The long, central scene (15) of the act is a masked ball. The guests arrive in black cloaks and white masks to a self-important double-dotted theme (Adagio pomposo); the inherent tensions of this gavotte underlined by the fact that the leading couples are the doctor and the Queen, the Queen-Dowager and her son, the heir presumptive Prince Frederick. A fanfare leads to the pantomime of the Voltaire play for which we saw the King rehearsing. He now appears in his role as sultan, his accompanying cor anglais launching into a dance with the accompaniment of a small tambourine; other woodwind take the principal roles, and at the climax of the pantomime the fanfare peals out again. Other general dance carries the tensions one stage further as the underlying power struggles are represented by rival musical interests. There follows a ball-scene Pas de deux with a difference, announced by a recitative-like cadenza for marimba and harp; again Caroline Mathilde and Struensee dance to a powerful passacaglia, though fittingly it begins more ripely than the first and reaches a climax which expresses fully the 'provocative, beautiful' nature of a love fulfilled. Instead of conventional variations, the next number is a bizarre waltz in which court ladies encircle the drama of Juliana Marie pursuing (trumpet, later persistent brass), and the King trying to evade her. Then, to a reprise of the scene's opening ceremony, Caroline Mathilde, who has been dancing with Prince Frederick, leave with Struensee and the other guests depart without their masks but their faces covered by their black cloaks.
The crisis now moves to a head. Soldiers bar all entrances to the ballroom; in a feverish mood, as if part of his own nightmare (scene 16), the King dances around the stage in a night-shirt and play-prop turban, trying to warn the sleeping Caroline Mathilde and Struensee of impending disaster. Soft staccato chords reveal the silhouettes of the conspirators as they move to the three beds, to a trumpet solo, the court group surrounds Caroline Mathilde, the military encircles Struensee and the clergy heads for the King. One by one, they wake up, Caroline to a ff statement of her theme which continues as they dance a 'Pas de trois manqué', unable to reach each other. Another climax is reached as Juliana Marie gloats over the arrests, and in the subdued aftermath the King is forced to sign the sentences and death warrants. The action faces to another nightmarish scene (17). A wordless, lamenting female chorus (two solo voices), harp and low strings accompany the strange vision of a castle garden with statues and snow falling. To frightening outburst from thunder-sheet and flexatone, the King dances jerkily around decapitating the statues; as a march to the gallows is seen in the distance, the head of the last statue turns out to be Struensee's. The last song, though, belongs to Caroline Mathilde (scene 18), separated from her children before the coach carries her away into exile. Clarinet and solo flute remind us of her theme and of Act 1, Scene 1, dying away into the vanishing mists of violas, and finally, a lone cello.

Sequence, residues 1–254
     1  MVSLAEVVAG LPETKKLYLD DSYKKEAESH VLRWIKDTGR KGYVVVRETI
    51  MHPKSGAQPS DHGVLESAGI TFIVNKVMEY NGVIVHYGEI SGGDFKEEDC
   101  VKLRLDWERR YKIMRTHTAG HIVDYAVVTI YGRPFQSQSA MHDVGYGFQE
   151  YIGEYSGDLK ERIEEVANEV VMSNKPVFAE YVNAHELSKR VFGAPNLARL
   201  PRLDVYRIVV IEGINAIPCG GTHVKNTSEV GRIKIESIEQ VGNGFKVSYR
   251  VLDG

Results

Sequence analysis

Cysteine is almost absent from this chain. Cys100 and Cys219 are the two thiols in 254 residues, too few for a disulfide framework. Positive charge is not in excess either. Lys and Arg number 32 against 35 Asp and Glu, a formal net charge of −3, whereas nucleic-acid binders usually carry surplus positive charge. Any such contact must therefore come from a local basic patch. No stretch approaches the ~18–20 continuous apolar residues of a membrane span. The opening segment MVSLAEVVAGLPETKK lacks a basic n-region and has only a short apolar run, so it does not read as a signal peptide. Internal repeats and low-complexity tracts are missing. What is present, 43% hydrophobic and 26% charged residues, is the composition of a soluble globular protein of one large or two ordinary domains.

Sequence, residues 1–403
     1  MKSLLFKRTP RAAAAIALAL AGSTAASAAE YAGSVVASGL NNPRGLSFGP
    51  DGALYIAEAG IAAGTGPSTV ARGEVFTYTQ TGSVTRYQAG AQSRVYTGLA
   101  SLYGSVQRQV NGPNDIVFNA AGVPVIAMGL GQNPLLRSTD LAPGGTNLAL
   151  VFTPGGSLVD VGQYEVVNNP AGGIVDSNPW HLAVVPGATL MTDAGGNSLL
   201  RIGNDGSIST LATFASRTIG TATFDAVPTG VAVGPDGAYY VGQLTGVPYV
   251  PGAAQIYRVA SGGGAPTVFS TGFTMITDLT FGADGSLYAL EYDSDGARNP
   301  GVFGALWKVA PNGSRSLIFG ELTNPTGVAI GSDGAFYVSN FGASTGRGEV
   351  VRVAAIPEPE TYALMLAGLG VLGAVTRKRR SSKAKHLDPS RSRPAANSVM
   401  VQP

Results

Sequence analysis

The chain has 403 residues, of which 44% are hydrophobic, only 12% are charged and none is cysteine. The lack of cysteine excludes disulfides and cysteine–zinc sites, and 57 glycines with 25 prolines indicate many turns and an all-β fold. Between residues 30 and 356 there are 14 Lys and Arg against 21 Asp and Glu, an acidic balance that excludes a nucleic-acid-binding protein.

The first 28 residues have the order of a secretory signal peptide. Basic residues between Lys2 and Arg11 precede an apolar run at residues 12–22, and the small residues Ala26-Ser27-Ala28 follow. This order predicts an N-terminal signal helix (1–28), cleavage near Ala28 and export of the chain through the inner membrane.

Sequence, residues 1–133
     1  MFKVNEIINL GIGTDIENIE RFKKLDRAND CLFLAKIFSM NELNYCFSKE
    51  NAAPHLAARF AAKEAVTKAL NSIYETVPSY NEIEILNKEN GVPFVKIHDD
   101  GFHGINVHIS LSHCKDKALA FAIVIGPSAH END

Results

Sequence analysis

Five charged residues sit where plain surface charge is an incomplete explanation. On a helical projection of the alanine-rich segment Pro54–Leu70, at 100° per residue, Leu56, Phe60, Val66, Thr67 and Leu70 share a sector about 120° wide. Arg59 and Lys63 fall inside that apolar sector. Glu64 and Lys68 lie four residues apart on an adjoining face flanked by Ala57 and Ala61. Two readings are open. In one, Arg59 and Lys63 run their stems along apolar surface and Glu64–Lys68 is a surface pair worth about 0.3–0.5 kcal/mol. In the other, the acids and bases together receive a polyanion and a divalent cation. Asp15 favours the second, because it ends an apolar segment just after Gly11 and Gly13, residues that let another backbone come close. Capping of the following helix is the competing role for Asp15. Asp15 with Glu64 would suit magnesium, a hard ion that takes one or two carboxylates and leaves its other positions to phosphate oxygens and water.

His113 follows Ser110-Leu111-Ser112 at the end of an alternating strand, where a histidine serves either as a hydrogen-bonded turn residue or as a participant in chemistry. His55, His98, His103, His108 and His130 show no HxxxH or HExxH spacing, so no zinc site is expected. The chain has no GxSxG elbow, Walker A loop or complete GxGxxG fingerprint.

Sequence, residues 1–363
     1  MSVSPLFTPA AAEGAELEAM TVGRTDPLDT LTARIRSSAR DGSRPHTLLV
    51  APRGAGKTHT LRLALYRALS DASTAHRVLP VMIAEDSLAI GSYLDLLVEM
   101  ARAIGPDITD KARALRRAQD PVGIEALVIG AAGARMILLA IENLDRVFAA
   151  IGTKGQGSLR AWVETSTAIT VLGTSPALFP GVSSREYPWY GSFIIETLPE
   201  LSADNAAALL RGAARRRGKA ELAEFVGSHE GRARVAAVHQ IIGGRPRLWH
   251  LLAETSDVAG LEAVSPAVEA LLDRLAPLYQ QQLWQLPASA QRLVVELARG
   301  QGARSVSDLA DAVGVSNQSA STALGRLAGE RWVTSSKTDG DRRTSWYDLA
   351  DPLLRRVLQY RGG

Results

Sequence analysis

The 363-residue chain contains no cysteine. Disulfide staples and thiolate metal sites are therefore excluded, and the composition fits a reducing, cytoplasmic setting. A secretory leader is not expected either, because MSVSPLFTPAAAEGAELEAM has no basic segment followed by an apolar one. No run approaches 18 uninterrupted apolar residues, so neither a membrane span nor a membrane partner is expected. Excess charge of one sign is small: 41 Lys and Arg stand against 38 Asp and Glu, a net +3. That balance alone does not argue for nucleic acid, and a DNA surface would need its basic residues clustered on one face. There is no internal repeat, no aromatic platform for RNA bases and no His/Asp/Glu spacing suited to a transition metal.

This is a copyright note, and may not be reprinted or reproduced in any way without prior permission from the author.
||The ballet is set in Copenhagen in the late 1760s.